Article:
During the summer, Craig Hilts chases storms and aurora, but when it's too cold outside to do either, he takes pictures of bubbles.
Hilts runs Prairie Fire Photography in Swift Current, Sask., and his photo of a frozen bubble on a rose bush inspired CBC's The Afternoon Edition to ask how to mimic his results.
Hilts said he started photographing frozen bubbles about five or six years ago.
He always uses regular bubble mixture you'd find in any store — nothing special — and while he uses a macro lens for his shots, you can still get cool images (pun intended) with a standard camera.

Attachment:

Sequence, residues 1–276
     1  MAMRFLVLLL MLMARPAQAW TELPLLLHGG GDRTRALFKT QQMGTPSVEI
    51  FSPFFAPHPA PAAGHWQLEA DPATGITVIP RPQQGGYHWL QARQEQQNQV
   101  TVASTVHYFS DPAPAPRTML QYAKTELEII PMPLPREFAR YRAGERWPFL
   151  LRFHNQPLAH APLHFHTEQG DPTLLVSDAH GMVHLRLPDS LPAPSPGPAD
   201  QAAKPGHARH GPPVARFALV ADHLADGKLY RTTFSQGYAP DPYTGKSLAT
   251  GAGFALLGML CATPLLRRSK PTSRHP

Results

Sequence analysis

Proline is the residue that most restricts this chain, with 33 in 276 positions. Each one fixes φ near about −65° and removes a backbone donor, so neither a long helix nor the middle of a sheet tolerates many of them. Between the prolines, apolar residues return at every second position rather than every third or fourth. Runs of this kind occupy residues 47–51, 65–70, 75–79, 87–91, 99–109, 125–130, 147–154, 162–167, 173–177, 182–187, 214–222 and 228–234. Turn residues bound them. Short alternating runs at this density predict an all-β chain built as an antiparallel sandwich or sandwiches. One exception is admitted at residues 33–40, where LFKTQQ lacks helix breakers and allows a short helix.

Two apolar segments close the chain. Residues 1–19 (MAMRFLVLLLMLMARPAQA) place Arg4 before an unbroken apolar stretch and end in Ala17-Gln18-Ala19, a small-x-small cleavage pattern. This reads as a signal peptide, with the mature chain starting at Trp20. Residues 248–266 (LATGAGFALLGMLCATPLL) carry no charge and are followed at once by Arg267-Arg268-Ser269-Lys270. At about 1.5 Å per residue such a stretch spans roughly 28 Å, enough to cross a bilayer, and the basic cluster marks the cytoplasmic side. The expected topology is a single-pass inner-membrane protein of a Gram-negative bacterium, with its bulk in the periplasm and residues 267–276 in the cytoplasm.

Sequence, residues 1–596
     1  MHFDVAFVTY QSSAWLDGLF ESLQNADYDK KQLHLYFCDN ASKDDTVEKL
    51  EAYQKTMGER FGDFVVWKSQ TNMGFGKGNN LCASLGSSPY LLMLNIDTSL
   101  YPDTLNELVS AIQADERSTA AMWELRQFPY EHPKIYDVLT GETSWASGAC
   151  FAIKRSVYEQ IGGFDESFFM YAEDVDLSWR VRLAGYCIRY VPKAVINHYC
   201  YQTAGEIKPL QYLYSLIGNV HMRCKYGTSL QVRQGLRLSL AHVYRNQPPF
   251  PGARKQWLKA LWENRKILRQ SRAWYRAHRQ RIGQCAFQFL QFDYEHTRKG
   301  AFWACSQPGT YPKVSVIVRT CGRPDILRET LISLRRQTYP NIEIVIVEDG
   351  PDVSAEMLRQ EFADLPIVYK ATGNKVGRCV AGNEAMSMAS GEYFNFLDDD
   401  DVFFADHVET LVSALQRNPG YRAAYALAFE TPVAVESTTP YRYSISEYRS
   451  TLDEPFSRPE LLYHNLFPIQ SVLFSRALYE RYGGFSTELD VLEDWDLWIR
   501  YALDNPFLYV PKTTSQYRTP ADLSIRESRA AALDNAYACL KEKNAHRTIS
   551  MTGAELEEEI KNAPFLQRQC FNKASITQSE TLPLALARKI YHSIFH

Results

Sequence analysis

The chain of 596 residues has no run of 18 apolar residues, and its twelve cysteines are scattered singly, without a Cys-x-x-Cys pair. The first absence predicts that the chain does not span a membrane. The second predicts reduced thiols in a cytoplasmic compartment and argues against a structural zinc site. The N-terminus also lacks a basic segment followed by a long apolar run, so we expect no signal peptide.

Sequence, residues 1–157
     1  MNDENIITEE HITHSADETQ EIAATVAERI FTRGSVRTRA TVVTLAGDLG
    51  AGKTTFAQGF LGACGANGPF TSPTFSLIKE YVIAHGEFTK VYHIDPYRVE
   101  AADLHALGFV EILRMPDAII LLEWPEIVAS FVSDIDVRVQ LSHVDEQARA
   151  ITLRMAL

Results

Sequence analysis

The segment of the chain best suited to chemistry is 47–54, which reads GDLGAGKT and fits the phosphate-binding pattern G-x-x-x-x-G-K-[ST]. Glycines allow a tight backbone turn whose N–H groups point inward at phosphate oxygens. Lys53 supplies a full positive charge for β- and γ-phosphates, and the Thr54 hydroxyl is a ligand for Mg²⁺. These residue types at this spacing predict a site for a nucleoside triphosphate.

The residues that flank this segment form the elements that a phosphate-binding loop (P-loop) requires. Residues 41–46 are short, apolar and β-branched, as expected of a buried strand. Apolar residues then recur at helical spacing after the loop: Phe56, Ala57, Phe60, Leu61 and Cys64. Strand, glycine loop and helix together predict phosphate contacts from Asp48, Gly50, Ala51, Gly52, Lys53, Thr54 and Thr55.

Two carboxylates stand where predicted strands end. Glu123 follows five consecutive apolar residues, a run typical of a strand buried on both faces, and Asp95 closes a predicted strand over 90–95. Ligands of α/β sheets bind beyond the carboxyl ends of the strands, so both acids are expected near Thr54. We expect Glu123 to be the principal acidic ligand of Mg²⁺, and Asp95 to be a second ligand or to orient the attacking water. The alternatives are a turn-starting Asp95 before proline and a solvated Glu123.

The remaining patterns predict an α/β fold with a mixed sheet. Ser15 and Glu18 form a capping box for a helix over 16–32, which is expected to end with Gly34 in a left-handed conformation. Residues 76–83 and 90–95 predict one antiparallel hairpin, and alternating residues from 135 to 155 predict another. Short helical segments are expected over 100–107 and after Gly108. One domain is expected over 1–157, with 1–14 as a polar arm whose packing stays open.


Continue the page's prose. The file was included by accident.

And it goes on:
He encourages anyone to go out and give it a shot themselves.
"It's really easy. Anyone can do it; grab the bubbles, bundle up really nice and warm, and go out in the backyard. Find a place with not a lot of wind, and give it a try."
The photographs look great, but Hilts said the process of watching the bubble freeze looks pretty neat, too.
"You can actually see them freezing and crystallizing in real time, and it seems like a sped-up movie as the crystals form and wrap around the bubble and it goes from being this clear orb to a little crystal ball, basically."
His top tip for taking photos in the winter?
"Bundle up and have some hot chocolate waiting for you when you're done to warm yourself back up after doing it."
If you'd like to see more of Hilts's work, you can follow Prairie Fire Photography on Facebook, or pick up a copy of his coffee table book of photos called Living Skies.